4. Sacrificing the individual for a greater good or the advancement of the species is abhorrent to classical liberalism. But, it seems to be perfectly okay and even desirable from a Darwinian perspective.

      Not really. Evolution occurs primarily on an individual level. You pass on your genes to your offspring. Group selection only occurs if genocide occurs — one tribe essentially wipes out another.

      Sacrificing an individual may benefit the authoritarian individual ordering the sacrifice, but it tends to not be very beneficial or desirable for spreading the genes of the sacrificee.

      1. If I wipe out everyone but me and my kind, I have have been very successful at spreading my genes. The most successful human male in history by that standard was Genghis Khan. His genes are all over the human race.

        1. He didn’t randomly kill everybody. He strengthened his own tribe at everyone else’s expense. He ensured there would be future civilizations in Central Asia and China in which his descendants could flourish and prosper. Still morally questionable, but not as ridiculous as your example.

      2. Tell that to worker bees. Evolution set them on a path to live and die for their mother’s special daughters’ survival.

    5. Sacrificing the individual for a greater good or the advancement of the species is abhorrent to classical liberalism. But, it seems to be perfectly okay and even desirable from a Darwinian perspective.

      The Nazis, who sacrificed 11 million individuals, would have done better if they had given those 11 million guns and pointed them at the Russians.

      Of course if they did that they would not be Nazis.

      Individuals have a utilitarian use. Sacrificing them needlessly has a cost.

      In fact in my view the basis of humanism comes from utilitarianism. Societies that waste individuals lose wars.

      1. You are woefully naive. The Nazis lost but it wasn’t because they were murderers. They just as easily could have won and killed even more. Indeed, our treatment of the Indians was pretty awful. But since we had bigger numbers and better technology, we won. The fact that we were pretty awful and killed them by the score didn’t make any difference one way or another. You don’t have to look too far in history to see that those who are the most efficient and ruthless at killing do pretty well.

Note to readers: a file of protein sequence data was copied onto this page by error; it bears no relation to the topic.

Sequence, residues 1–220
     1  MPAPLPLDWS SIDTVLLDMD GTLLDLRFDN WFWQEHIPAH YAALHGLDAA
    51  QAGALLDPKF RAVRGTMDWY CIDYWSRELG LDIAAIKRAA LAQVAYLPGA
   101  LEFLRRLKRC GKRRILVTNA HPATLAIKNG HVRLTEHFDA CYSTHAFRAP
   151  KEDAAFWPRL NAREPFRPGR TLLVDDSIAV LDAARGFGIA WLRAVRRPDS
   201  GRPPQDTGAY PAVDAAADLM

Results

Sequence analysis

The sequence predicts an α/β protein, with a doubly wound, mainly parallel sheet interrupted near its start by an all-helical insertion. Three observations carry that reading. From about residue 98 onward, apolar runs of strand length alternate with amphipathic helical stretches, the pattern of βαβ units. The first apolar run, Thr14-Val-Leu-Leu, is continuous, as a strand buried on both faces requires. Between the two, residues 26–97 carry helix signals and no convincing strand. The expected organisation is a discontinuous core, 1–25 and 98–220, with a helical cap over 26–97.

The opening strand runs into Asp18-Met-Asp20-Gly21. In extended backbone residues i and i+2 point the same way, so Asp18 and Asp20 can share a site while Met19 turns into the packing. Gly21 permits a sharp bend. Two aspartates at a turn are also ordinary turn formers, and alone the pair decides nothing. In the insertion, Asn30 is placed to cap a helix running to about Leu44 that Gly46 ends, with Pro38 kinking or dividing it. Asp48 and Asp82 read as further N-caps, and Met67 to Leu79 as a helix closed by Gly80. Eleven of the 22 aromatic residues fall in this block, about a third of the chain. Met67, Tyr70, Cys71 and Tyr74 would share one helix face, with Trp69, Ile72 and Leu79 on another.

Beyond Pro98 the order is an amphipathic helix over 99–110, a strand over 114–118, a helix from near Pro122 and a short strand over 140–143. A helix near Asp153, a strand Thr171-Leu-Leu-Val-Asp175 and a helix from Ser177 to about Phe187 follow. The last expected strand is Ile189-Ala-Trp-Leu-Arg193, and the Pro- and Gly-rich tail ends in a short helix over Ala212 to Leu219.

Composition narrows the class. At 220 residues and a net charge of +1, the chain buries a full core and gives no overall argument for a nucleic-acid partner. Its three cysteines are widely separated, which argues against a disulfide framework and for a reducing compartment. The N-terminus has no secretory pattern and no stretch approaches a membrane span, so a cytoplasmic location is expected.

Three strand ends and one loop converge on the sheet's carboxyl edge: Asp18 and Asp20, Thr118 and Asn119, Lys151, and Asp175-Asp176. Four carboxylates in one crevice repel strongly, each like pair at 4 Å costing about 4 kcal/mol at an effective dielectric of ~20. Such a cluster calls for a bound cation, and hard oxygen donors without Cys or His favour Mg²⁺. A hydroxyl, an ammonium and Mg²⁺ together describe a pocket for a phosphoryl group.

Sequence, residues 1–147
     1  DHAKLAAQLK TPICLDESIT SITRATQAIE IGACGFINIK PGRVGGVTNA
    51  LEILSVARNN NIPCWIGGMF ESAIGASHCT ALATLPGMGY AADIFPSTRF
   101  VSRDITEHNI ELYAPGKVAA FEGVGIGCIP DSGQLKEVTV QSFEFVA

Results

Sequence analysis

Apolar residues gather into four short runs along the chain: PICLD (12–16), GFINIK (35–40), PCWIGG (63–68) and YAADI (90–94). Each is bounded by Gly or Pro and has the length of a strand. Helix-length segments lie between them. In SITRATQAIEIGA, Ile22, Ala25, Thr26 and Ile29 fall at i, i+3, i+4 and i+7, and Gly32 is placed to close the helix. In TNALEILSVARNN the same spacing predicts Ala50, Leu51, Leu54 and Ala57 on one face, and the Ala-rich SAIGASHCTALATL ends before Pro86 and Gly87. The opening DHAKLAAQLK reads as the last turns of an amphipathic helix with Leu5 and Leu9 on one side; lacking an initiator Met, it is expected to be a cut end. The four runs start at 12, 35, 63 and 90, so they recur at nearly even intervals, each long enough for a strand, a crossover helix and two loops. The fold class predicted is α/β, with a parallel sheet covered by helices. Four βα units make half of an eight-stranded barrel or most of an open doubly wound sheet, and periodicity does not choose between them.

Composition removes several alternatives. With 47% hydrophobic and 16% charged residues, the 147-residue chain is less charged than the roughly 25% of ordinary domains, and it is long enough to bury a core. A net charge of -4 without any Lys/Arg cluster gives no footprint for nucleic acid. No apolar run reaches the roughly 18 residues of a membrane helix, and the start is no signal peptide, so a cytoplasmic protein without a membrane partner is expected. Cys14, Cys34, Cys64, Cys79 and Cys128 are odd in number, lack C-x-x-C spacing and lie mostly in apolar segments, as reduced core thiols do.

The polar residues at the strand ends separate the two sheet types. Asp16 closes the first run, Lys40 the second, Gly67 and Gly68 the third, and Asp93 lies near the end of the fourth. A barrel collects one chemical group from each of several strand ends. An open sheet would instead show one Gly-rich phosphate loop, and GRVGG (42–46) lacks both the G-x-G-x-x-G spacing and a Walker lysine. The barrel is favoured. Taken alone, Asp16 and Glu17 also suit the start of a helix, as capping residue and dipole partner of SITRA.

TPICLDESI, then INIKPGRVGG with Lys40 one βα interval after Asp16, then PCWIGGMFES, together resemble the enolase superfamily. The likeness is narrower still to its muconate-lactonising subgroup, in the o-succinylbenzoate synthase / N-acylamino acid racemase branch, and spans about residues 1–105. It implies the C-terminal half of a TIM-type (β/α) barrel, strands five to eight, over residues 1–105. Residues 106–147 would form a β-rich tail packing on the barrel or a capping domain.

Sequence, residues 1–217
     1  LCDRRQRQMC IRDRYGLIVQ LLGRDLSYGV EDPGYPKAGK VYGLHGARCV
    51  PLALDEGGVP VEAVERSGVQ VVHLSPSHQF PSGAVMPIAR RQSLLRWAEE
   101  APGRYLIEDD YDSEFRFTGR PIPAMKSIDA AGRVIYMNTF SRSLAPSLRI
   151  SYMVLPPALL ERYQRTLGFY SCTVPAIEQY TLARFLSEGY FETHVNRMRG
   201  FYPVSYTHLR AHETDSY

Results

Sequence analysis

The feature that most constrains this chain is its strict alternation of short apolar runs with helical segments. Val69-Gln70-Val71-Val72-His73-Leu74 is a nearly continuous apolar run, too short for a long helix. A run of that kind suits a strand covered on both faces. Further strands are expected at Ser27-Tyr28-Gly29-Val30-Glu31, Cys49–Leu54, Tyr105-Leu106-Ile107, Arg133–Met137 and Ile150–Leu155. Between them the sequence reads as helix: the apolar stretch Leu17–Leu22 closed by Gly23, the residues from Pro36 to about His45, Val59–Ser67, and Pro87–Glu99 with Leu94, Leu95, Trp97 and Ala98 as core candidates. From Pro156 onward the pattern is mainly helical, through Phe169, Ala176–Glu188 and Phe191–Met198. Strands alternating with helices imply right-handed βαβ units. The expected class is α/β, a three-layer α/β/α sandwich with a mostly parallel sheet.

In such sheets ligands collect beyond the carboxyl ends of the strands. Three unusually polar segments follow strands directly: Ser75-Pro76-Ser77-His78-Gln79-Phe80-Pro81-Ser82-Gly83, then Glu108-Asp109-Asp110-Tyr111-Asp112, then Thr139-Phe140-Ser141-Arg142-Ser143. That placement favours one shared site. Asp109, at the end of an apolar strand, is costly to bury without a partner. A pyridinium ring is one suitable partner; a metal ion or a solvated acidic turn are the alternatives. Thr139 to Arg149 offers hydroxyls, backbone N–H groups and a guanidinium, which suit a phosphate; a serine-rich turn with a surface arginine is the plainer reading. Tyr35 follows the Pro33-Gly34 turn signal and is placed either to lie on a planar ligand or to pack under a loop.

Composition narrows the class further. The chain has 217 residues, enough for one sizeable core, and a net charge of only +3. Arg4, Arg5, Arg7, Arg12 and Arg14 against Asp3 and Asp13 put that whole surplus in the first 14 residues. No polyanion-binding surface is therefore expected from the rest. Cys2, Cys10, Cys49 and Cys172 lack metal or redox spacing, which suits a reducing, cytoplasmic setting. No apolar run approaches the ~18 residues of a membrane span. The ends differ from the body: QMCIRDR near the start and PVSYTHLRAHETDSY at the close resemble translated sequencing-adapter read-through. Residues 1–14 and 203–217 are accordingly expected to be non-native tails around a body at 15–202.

1. Indians were not part of “American Society” The Jews and gays and all the others the Nazis killed in mass were part of their society…and they wasted them.

          Also i think the US would have been better off if it did not kill off the Indians. Even in strictly utilitarian terms.

      2. Joshua,

        The Nazis were quite pragmatic and utilitarian – they believed that Jewish/Gypsy women, children and old people were consuming food and other resources that Germans (and German allies) badly needed. Germany had significant material constraints throughout the war and limited access to natural resources. The healthy Jewish/Gypsy men and POWs were used as slave labor to help the German war effort – certainly more rational than sending them to fight Russians or Americans to whom most would have defected. And in any case adding a bad soldier is often worse than adding no soldier at all. From a strictly utilitarian viewpoint you can argue the concentration camps were a rational response to resource constraints (within the larger complete irrationality of trying to conquer and colonize the Soviet Union), which is why utilitarian arguments are suspect.

        1. In my defense i am a libertarian and expected to have encyclopedic knowledge of the Nazis and world war 2.

          And like 90% of my fellow libertarians I fake it.

          Note: unlike 90% of my fellow libertarians i do not have encyclopedic knowledge of the civil war….but yeah i fake that as well.

    6. There is nothing Darwinian about sacrificing an individual for the sake of the species. Natural selection does not work for the good of species.

      1. I think using the word “species” is just mucking up the discussion.

        If you’re going to talk about Darwinism as it applies to the individual, then the concept of a species is irrelevant – all that matters is the single organism.

        If you were to pair a political philosophy with natural selection, it would obviously be anarchy – might makes right, and all that.